I only know of two places out around the vineyards where these purple flowers bloom. I'm sure there are more, but I've only encountered the two on my routine walks with Callie. I can't find a match in the wildflower identification site I use, so if any of you recognize it, I'd appreciate your help.
A pretty purple flower that grows in bunches around the vineyard parcels.
Today I am on the road while Ken is home with the animules. I have to have a form notarized (a peculiar US custom) related to my retirement pension, and the US Embassy in Paris provides the service. So I made the required appointment and am taking the train up and back today to get it done.
Every now and then I'll see something on the side of the vineyard roads that someone has tossed out the window of a car. Usually it's wadded-up kleenex (yuck) which quickly disintegrates and disappears. I've seen candy wrappers and the stray fast-food package; the town across the river got a McDonald's a few years ago. I've seen beverage cans, too. But often it's cigarette packs, empty, of course.
Gauloises Blondes. "Smoking seriously harms your health and the health of those around you."
The weirdest (and by far the most gross) thing I've seen is a pile of human feces and the tissues used to "wipe" sitting right smack in the middle of the dirt road that Callie and I walk on every day. I imagine somebody really had to go and pulled off the paved road in the night. I had to steer the dog clear of that for a while in case she got any ideas. After a few days without any rain to wash it away, I noticed that somebody had actually come by and cleaned it up, presumably one of the vineyard workers. Ah, the country life!
Callie waits for me to take a picture on our way home from our Saturday afternoon walk. By the time I get where I'm standing for this picture, Callie is usually already at the back gate (barely visible in the center-left) with whatever stick or log she's carried home.
Hurry up! We're almost there.
Our weather is decidedly spring-like. In other words, it ain't warm. Low pressure systems from the north Atlantic churn in one after the other over the British Isles and we get the tail ends of them here. Which means lots of clouds blocking the warm sun (Saturday was an exception, but it still wasn't what you would call warm). Oh well. Summer is on its way. Right?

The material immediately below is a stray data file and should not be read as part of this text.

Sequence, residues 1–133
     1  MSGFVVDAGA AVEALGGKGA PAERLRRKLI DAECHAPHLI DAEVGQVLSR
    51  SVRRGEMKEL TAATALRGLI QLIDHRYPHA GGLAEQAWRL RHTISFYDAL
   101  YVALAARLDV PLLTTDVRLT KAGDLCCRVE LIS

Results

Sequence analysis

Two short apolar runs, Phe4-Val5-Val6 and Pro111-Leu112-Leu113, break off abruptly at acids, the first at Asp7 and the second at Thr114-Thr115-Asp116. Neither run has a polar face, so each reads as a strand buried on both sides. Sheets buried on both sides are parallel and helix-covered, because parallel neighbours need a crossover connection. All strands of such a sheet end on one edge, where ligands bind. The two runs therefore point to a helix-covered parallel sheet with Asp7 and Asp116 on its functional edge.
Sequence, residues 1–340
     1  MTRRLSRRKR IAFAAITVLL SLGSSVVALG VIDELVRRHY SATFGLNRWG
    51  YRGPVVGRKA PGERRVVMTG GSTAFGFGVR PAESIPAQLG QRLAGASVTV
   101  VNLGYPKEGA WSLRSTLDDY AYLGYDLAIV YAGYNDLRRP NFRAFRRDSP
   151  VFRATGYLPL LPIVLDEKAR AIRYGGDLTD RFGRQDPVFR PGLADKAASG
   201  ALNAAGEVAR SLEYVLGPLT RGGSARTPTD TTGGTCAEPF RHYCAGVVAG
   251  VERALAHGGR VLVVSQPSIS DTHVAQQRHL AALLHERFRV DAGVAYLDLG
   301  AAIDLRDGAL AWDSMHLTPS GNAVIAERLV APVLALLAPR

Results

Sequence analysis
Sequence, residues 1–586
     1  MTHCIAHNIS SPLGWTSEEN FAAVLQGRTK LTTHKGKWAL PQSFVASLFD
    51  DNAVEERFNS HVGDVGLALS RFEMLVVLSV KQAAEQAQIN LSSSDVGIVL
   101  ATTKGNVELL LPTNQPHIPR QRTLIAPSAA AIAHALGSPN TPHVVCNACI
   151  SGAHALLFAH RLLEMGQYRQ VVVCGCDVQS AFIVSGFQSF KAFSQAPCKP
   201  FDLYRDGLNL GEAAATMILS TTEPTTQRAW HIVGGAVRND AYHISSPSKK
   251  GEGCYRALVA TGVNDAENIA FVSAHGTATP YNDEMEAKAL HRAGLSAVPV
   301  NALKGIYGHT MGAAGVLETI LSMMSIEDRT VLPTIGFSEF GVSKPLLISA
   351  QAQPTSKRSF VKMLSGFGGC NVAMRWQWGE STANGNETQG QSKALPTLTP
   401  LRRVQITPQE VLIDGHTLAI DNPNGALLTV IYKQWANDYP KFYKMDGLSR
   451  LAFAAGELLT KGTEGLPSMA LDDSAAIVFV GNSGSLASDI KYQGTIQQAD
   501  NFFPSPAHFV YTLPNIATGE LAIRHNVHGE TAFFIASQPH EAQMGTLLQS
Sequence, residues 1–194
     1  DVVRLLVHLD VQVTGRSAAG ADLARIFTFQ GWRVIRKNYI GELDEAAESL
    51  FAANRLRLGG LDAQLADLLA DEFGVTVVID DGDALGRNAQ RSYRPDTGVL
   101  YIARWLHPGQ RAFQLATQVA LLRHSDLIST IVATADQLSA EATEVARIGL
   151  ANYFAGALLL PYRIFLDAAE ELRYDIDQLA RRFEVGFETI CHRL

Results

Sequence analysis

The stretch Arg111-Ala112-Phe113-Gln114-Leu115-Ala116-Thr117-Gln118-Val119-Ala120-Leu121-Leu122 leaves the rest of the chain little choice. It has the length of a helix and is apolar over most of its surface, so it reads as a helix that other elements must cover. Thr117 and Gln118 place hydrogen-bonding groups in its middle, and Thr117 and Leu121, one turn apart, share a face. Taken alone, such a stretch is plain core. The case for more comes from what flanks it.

We wouldn't want to air our dirty laundry, now, would we? I thought the clothes drying on the line looked nice when Callie and I got back from our morning walk. So, why not take a picture?
I thought our clothes (and a rug) looked nice against the green background.
We had a long walk on Sunday morning. The sun was out and the grass was dry, so we walked around and around. Callie had a good time making her way ahead of me then realizing that I was not following exactly where she wanted to go. She always comes along wherever I am. Good dog.
Living outside of Saint-Aignan-sur-Cher since 2003. You'll find here pictures and descriptions of our life in rural France, some travels, and other stuff about me, my husband Ken, our dog Callie, and our cat Bertie.
All photos in this blog were made by and are the property of the blog author, WCS, unless otherwise noted. If a photo is mis-credited, please leave a comment so that it can be corrected. Photos belonging to others will be removed at the owner's request.